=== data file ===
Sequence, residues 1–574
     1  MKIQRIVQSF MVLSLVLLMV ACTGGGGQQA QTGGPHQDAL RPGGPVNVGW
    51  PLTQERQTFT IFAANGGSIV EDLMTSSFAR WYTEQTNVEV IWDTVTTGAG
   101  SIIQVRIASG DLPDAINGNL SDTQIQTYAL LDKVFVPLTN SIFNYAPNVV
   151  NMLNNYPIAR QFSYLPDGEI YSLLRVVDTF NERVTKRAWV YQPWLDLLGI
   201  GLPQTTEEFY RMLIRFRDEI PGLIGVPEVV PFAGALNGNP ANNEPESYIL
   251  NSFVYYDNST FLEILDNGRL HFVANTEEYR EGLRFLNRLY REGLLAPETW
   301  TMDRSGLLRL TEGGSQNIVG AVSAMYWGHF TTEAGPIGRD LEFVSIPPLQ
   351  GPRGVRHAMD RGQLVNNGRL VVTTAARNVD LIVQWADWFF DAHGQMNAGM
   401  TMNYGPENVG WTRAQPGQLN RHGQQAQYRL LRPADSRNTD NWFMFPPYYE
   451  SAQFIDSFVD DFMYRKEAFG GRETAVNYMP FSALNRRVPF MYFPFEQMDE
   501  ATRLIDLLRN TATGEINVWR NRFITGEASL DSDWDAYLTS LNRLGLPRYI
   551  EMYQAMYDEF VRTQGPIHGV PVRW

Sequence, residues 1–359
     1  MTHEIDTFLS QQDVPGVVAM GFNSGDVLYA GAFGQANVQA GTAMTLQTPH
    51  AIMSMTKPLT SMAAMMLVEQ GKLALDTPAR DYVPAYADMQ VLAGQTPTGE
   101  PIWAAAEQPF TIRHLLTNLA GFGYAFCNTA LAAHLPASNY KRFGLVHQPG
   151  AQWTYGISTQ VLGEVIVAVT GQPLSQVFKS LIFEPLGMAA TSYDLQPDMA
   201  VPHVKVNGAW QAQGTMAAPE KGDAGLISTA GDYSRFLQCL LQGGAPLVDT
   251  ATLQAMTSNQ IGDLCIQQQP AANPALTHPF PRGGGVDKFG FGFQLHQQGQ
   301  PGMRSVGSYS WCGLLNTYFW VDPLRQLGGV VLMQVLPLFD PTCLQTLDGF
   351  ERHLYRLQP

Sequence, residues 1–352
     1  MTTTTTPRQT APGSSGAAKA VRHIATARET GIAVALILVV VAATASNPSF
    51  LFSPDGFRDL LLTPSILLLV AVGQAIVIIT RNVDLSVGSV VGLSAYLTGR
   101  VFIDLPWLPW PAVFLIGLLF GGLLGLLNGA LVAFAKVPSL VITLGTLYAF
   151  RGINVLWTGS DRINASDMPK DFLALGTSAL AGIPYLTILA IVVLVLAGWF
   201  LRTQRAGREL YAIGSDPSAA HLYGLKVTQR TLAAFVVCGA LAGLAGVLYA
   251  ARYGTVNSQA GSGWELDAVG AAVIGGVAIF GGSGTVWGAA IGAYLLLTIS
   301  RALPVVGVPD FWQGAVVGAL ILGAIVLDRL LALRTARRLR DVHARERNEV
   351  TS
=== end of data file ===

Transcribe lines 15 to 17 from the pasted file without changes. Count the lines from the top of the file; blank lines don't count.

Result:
     1  MTHEIDTFLS QQDVPGVVAM GFNSGDVLYA GAFGQANVQA GTAMTLQTPH
    51  AIMSMTKPLT SMAAMMLVEQ GKLALDTPAR DYVPAYADMQ VLAGQTPTGE
   101  PIWAAAEQPF TIRHLLTNLA GFGYAFCNTA LAAHLPASNY KRFGLVHQPG